Front Endocrinol (Lausanne). 2014 Feb 28;5:23. eCollection 2014.
Skov J 1, Persson F 2, Frøkiær J 3, Christiansen JS 4.
1Department of Endocrinology and Internal Medicine, Aarhus University Hospital , Aarhus , Denmark ; Novo Nordisk A/S , Bagsvaerd , Denmark.
2Steno Diabetes Center , Gentofte , Denmark.
3Department of Clinical Physiology and Molecular Imaging, Aarhus University Hospital , Aarhus , Denmark ; Department of Clinical Medicine, Aarhus University , Aarhus , Denmark.
4Department of Endocrinology and Internal Medicine, Aarhus University Hospital , Aarhus , Denmark.
*Correspondence: Jeppe Skov, Department of Endocrinology and Internal Medicine, Aarhus University Hospital, Norrebrogade 44, Aarhus DK-8000, Denmark e-mail: jsk at dadlnet.dk
The actions of angiotensin peptides are diverse and locally acting tissue renin-angiotensin systems (RAS) are present in almost all tissues of the body. An activated RAS strongly correlates to metabolic disease (e.g., diabetes) and its complications and blockers of RAS have been demonstrated to prevent diabetes in humans. Hyperglycemia, obesity, hypertension, and cortisol are well-known risk factors of metabolic disease and all stimulate tissue RAS whereas glucagon-like peptide-1, vitamin D, and aerobic exercise are inhibitors of tissue RAS and to some extent can prevent metabolic disease.
Furthermore, an activated tissue RAS deteriorates the same risk factors creating a system with several positive feedback pathways. The primary effector hormone of the RAS, angiotensin II, stimulates reactive oxygen species, induces tissue damage, and can be associated to most diabetic complications.
Based on these observations, we hypothesize that an activated tissue RAS is the principle cause of metabolic syndrome and type 2 diabetes, and additionally is mediating the majority of the metabolic complications. The involvement of positive feedback pathways may create a self-reinforcing state and explain why metabolic disease initiate and progress. The hypothesis plausibly unifies the major predictors of metabolic disease and places tissue RAS regulation in the center of metabolic control.
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Lack of vitamin D receptor causes stress-induced premature senescence in vascular smooth muscle cells through enhanced local angiotensin-II signals
Petya Valcheva, Anna Cardus, Sara Panizo, Eva Parisi, Milica Bozic, Jose M. Lopez Novoa, Adriana Dusso, Elvira Fernandez1, Jose M. Valdivielso1email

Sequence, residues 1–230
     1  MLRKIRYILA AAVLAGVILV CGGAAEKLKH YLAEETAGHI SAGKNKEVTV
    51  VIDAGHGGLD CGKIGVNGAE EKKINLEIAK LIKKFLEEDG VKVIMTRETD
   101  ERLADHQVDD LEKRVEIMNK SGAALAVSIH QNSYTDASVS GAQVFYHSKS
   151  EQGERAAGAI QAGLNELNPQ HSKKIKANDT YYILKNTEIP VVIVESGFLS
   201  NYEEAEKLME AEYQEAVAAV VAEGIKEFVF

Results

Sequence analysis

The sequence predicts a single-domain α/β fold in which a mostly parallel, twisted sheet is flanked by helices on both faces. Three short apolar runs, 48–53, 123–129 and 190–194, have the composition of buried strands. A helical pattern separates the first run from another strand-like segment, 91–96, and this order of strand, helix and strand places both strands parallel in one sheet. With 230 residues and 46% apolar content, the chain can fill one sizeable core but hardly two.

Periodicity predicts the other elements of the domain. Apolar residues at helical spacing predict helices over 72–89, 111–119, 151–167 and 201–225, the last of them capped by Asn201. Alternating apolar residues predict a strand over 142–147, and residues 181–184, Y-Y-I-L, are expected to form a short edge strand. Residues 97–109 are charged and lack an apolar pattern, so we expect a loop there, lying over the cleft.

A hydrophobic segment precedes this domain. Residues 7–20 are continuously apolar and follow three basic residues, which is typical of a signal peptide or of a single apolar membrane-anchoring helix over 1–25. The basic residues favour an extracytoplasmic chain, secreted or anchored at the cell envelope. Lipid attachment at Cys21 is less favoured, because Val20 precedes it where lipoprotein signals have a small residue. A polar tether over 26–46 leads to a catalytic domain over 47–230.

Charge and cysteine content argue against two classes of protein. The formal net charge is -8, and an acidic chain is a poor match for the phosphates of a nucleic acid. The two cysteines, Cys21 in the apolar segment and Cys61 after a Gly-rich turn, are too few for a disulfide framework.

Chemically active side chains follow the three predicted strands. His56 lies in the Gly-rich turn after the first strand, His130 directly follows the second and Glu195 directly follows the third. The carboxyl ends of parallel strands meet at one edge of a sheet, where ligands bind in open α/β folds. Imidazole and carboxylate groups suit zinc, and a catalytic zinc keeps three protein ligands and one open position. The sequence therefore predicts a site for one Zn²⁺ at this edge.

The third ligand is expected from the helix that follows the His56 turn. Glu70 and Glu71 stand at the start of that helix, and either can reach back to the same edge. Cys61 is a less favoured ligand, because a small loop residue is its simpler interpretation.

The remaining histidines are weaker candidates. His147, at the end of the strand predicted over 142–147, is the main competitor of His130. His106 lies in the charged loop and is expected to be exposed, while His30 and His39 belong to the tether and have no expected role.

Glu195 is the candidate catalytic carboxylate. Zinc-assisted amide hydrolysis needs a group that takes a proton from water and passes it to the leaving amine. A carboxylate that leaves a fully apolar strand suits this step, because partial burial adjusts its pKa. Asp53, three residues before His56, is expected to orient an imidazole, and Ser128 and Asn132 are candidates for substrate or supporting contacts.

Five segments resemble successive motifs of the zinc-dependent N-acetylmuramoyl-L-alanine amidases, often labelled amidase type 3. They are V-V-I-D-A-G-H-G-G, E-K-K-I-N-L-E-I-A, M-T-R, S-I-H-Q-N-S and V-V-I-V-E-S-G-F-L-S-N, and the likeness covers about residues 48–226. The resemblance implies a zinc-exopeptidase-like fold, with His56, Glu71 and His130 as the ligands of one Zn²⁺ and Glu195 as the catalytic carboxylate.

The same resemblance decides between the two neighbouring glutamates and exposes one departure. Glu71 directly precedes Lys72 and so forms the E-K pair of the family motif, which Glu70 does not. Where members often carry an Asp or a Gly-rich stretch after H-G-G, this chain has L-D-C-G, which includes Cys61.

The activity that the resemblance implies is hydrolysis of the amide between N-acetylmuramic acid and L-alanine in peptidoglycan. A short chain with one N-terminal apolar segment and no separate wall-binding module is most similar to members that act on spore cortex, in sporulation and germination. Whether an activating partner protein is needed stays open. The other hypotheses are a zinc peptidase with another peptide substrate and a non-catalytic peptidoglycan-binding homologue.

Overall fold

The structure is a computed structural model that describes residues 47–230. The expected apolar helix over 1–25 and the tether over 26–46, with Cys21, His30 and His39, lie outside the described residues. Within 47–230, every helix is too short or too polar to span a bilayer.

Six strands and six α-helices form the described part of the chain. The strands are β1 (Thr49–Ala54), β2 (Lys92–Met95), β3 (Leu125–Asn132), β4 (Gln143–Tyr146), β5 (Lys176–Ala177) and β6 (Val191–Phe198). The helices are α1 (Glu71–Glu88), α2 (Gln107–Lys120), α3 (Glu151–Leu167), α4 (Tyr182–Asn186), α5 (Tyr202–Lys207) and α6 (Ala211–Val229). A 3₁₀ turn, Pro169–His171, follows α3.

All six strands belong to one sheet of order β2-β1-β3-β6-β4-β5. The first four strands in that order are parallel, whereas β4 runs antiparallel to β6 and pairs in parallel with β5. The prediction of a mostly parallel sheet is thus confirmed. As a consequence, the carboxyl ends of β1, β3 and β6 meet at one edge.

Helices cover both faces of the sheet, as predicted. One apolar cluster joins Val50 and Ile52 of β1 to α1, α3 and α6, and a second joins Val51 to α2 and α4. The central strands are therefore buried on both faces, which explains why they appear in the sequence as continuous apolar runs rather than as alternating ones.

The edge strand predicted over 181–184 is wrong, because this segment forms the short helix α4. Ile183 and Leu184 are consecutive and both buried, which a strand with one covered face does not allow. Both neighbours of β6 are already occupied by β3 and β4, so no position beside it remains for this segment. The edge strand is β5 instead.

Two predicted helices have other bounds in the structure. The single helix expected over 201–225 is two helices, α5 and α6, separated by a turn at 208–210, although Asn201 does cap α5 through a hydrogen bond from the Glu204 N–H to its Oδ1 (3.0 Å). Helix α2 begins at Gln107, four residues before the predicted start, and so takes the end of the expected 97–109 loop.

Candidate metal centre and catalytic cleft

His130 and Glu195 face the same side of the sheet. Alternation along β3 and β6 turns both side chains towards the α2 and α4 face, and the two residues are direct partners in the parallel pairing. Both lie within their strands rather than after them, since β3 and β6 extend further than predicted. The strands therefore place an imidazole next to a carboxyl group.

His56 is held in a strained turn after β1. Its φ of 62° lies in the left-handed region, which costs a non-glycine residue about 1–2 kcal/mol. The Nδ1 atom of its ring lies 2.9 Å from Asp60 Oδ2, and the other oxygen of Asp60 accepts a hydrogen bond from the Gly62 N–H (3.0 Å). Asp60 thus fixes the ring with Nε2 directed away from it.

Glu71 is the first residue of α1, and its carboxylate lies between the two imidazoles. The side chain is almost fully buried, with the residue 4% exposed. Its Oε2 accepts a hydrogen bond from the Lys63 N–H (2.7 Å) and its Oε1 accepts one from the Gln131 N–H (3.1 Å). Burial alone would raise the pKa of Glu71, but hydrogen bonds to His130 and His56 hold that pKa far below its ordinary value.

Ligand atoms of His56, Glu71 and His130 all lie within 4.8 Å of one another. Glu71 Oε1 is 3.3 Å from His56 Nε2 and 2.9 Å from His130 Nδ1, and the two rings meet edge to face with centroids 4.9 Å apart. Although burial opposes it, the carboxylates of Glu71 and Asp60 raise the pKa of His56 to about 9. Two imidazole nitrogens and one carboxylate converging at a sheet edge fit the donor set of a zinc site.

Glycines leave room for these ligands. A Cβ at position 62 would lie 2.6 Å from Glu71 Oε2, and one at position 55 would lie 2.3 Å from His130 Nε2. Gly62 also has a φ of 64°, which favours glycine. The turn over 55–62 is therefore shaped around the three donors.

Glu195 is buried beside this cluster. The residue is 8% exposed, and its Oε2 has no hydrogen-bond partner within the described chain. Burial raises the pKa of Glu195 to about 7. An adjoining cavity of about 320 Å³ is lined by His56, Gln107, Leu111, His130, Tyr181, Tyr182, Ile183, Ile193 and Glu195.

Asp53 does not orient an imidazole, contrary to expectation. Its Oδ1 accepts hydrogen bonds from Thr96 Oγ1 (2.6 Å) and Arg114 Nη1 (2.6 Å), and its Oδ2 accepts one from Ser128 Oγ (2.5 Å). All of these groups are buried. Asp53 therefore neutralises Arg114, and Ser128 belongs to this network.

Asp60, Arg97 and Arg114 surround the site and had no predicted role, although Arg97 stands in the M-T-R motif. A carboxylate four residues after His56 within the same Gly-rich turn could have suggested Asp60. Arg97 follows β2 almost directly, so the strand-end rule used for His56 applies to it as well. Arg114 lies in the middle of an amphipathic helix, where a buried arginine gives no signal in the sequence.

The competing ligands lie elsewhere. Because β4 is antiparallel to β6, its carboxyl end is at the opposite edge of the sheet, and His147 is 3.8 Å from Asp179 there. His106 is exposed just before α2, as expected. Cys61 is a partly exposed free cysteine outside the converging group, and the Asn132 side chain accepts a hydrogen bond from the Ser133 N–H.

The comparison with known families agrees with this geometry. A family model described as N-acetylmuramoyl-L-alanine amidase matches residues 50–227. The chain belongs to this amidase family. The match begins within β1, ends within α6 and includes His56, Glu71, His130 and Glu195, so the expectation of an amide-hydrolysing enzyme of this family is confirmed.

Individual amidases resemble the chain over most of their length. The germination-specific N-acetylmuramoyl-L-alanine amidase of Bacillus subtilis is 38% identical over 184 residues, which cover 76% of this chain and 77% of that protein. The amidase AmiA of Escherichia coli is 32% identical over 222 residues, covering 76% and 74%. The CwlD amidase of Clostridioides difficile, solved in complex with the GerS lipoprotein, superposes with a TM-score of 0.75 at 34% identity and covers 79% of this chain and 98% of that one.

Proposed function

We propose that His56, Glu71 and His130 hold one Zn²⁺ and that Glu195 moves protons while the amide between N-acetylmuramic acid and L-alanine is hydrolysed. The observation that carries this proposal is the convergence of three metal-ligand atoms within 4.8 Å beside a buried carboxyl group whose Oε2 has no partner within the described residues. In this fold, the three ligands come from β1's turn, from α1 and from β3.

1EF and JMV share senior authorship.
Received: February 17, 2014; Received in revised form: April 9, 2014; Accepted: May 1, 2014; Published Online: May 13, 2014
Publication stage: In Press Accepted Manuscript
•Lacking vitamin D signaling induces premature senescence in vascular smooth muscle cells.
•The increase in senescence is mediated by an increase in cathepsin D mediated angiotensin II expression.
•The increase in angiotensin II induces an increase in NADPH oxidase-mediated free radical production.
•All these changes induce a decrease in proliferation of vascular smooth muscle cells.
The inhibition of the renal renin-angiotensin system by the active form of vitamin D contributes to the cardiovascular health benefits of a normal vitamin D status. Local production of angiotensin-II in the vascular wall is a potent mediator of oxidative stress, prompting premature senescence. Herein, our objective was to examine the impact of defective vitamin D signalling on local angiotensin-II levels and arterial health.
Primary cultures of aortic vascular smooth muscle cells (VSMC) from wild-type and vitamin D receptor-knockout (VDRKO) mice were used for the assessment of cell growth, angiotensin-II and superoxide anion production and expression levels of cathepsin D, angiotensin-II type 1 receptor and p57Kip2. The in vitro findings were confirmed histologically in aortas from wild-type and VDRKO mice.
VSMC from VDRKO mice produced more angiotensin-II in culture, and elicited higher levels of cathepsin D, an enzyme with renin-like activity, and angiotensin-II type 1 receptor, than wild-type mice. Accordingly, VDRKO VSMC showed higher intracellular superoxide anion production, which could be suppressed by cathepsin D, angiotensin-II type 1 receptor or NADPH oxidase antagonists. VDRKO cells presented higher levels of p57Kip2, impaired proliferation and premature senescence, all of them blunted upon inhibition of angiotensin-II signalling. In vivo studies confirmed higher levels of cathepsin D, angiotensin-II type 1 receptor and p57Kip2 in aortas from VDRKO mice.
The beneficial effects of active vitamin D in vascular health could be a result of the attenuation of local production of angiotensin-II and downstream free radicals, thus preventing the premature senescence of VSMC.
- Search VitaminDWiki for Renin-Angiotensin 198 items as of March 2014
- Overview Diabetes and vitamin D
- Overview Metabolic Syndrome and vitamin D
- Hypothesis: Vitamin D deficiency is due to malfunctioning renin angiotensin system – Jan 2013
Closely related hypothesis a year earlier postulated that Vitamin D deficiency was due to the Renin-Angiotensin System
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